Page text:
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story.lead_photo.caption In this speaks Wednesday, Sept. 5, 2018, file photo Duane “Dak” Kees (center), the U.S. Attorney for the Western District of Arkansas, is shown alongside Assistant U.S. Attorney Kenneth Elser (left). - Photo by Andy Shupe

The U.S. attorney for the Western District of Arkansas has canceled the federal grand jury for January because he has no more money to transport witnesses and pay other expenses under the current government shutdown.

"No criminal cases will be dismissed and no trials or other hearings will be moved at this time due to this cancellation," U.S. Attorney Duane "Dak" Kees said in a statement Tuesday. "The cases that would normally be presented to the grand jury for indictment this month will be resolved in other ways."

The decision announced Tuesday by Kees does not affect the U.S. District Court, Eastern District of Arkansas. The grand jury in the Eastern District has already met this month. James McCormack, the clerk for the Eastern District in Arkansas, said Tuesday that grand jurors were advised that if a judicial shutdown occurs, their pay and expenses will be deferred until there is a budget.

On Dec. 28, U.S. District Judge Brian S. Miller granted a request from Cody Hiland, the U.S. attorney for the Eastern District of Arkansas, to stay civil cases involving government attorneys until Congress appropriates money to fund that office.

Dismissing this month's grand jury in the Western District of Arkansas will not affect the ongoing public corruption probe of state legislators, which has charged five former lawmakers so far and convicted four of them, Kees said.

"That investigation at this stage mainly involves reviewing of records, and that has not stopped," he said.

Criminal defendants will get the option to waive indictment by a grand jury and proceed to plead guilty to charges filed by his office, Kees' statement said.

"Another option is to request an order from the United States District Court to impanel a new grand jury later for each division" within the district, the statement said.

Those grand juries could meet and hear witnesses without travel expenses to and from Fort Smith for witnesses and investigators, one of the major costs of grand jury operations, Kees said. The canceled grand jury session was supposed to take place next week.

These changes will mean his office will have to show more of its hand when filing charges, said both Kees and attorney Shane Wilkinson of Bentonville. Wilkinson's clients include former state Rep. Micah Neal, R-Springdale, who waived indictment and pleaded guilty to a conspiracy charge two years ago.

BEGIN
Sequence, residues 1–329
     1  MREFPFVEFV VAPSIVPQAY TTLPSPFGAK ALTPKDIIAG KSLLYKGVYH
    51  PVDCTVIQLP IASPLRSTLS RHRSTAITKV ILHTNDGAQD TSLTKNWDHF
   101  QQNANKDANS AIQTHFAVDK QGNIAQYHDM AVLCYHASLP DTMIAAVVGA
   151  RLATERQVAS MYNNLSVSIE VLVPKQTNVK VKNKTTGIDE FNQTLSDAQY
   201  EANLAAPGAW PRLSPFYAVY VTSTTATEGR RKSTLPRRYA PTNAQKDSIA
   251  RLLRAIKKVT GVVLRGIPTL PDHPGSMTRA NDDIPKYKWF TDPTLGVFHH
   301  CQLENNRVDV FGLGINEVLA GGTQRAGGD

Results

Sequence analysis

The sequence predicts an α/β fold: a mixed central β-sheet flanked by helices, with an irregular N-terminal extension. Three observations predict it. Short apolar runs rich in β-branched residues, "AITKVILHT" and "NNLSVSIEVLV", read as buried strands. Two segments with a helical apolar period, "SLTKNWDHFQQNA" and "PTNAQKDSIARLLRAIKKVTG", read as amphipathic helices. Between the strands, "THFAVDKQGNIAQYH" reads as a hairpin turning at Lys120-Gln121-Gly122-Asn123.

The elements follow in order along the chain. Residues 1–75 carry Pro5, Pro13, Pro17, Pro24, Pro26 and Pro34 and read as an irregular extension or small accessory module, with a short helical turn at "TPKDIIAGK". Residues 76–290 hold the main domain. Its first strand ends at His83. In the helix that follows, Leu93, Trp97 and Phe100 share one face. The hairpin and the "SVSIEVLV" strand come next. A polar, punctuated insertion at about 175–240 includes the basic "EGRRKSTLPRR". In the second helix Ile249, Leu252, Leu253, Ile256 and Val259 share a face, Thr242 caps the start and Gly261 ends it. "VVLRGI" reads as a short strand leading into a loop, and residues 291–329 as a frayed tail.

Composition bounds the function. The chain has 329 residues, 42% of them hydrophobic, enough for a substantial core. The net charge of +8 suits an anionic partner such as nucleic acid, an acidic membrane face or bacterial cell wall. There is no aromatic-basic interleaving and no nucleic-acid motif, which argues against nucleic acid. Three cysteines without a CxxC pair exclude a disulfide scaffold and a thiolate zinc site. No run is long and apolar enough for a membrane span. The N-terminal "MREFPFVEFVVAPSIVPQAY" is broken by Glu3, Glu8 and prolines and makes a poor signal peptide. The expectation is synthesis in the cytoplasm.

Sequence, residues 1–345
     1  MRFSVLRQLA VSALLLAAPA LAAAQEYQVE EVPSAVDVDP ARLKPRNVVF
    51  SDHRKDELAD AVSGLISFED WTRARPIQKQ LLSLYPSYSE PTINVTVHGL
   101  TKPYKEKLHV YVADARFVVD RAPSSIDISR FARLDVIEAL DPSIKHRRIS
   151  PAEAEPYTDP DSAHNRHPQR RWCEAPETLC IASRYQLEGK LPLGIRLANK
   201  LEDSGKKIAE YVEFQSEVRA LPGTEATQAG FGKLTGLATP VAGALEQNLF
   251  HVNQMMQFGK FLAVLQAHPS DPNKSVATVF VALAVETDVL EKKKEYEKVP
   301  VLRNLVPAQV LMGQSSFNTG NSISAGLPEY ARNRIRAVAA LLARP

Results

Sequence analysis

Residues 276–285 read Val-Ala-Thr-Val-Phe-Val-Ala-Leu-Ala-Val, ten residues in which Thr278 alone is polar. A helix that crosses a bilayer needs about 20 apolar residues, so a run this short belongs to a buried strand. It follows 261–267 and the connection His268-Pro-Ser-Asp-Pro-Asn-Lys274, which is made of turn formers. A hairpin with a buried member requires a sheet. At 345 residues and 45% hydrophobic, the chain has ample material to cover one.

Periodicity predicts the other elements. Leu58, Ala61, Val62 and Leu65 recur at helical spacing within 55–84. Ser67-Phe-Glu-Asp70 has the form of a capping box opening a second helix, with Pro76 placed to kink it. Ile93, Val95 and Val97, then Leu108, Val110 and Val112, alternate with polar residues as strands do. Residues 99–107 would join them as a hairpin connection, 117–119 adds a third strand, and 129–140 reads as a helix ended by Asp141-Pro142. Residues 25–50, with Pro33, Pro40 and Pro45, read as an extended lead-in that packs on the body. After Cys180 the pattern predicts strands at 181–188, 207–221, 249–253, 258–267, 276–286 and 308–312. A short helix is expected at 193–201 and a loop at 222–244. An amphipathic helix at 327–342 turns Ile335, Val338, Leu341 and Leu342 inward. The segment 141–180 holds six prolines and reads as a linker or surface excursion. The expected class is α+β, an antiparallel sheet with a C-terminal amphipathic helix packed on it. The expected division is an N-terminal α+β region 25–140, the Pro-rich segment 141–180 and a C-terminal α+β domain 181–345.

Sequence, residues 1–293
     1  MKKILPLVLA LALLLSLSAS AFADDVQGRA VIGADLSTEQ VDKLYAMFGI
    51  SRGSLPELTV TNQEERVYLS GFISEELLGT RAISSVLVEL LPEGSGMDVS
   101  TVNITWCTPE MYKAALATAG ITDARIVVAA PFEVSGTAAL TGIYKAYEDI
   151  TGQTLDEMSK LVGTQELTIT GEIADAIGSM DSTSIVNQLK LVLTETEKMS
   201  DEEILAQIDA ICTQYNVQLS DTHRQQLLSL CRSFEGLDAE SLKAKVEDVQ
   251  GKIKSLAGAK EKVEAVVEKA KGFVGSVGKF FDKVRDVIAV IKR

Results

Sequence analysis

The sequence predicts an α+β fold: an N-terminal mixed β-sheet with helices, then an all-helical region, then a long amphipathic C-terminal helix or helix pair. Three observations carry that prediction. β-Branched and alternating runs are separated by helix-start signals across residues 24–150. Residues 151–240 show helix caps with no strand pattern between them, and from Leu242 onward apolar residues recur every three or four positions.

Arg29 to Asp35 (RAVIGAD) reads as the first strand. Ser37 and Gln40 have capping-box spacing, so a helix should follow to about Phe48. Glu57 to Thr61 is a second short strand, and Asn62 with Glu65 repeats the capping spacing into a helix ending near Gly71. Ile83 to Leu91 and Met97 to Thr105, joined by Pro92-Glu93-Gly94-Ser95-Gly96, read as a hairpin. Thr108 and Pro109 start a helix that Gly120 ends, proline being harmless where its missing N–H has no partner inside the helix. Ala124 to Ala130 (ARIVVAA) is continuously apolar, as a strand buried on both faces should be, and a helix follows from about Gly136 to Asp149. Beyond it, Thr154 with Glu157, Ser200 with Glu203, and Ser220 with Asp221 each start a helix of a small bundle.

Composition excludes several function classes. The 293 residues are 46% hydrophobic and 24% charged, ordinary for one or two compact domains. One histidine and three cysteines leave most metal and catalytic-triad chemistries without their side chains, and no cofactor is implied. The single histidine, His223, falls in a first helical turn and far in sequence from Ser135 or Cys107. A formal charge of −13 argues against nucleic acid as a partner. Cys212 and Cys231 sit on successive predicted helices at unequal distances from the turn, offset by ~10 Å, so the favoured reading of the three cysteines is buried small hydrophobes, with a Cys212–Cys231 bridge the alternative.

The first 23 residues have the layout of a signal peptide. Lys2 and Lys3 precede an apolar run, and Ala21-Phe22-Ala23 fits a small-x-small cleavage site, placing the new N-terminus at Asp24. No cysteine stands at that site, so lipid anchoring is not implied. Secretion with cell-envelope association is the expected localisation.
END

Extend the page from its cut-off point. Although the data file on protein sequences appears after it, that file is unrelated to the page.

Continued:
"If they ask me to waive an indictment, I'm going to ask 'What do you have?'" Wilkinson said. "If they're going to ask my client to do this, we get to peek under the hood" at the federal case.

With a grand jury, U.S. attorneys get to present their evidence and witnesses to the panel of 16 or more members who then decide whether to indict. The defendants see the full case sooner than they normally would.

Cases where the defendants do not waive indictment -- or because the suspect is considered a serious flight risk or danger -- federal authorities will go ahead and make an arrest, Kees said. In cases where the grand jury is not involved, his office will have to hold a probable-cause hearing before a federal judge. Judges remain at work during the shutdown.

Holding a probable-cause hearing, again, will result in the federal government having to show more of its case earlier in the process than normal, Kees said.

One of the biggest losses to his office will be the guidance grand juries provide, he said.

"Grand jurors are not lawyers," he said. "They don't get caught up in the legalese, which U.S. attorneys and investigators tend to do. Grand juries aren't exactly like a trial jury, but they do show you which witnesses are effective and which are not, too. We might think somebody is a credible witness, but putting him before a jury might show he's not."

There are other advantages to defendants in this situation, according to Wilkinson.

"They will have a little more control over timing," he said. "They'll be able to say, 'If I'm going to do this, I don't want to do it until such and such a time," he said. "And they might be able to ask for things like home detention and stand a better chance of getting it."

The U.S. Justice Department also will be asking local prosecuting attorneys to take over cases if state laws apply, Kees said. His office has good relationships with local prosecutors and will work with them, he said. Also, the federal government has the right to take a case back at a later date if it can show compelling federal interest, he said.

How close the state prosecutor in a given case is to trial and how much work is involved in preparing the state's case will weigh into any decision before taking a case back, he said.

The Justice Department has contingency procedures in place in the event of a such a lapse in funding to ensure public safety and national security, Kees said. Typically, employees with public safety and national security functions will stay on the job while others who are given an exception will be furloughed.

Each U.S. attorney's office has discretion to determine who remains on duty. Most assistant U.S. attorneys and staff supporting criminal prosecutions will remain at work, Kees said.

Information for this article was contributed by Linda Satter of the Arkansas Democrat-Gazette.

Metro on 01/23/2019

Print Headline: Funds meager, U.S. attorney scraps grand jury


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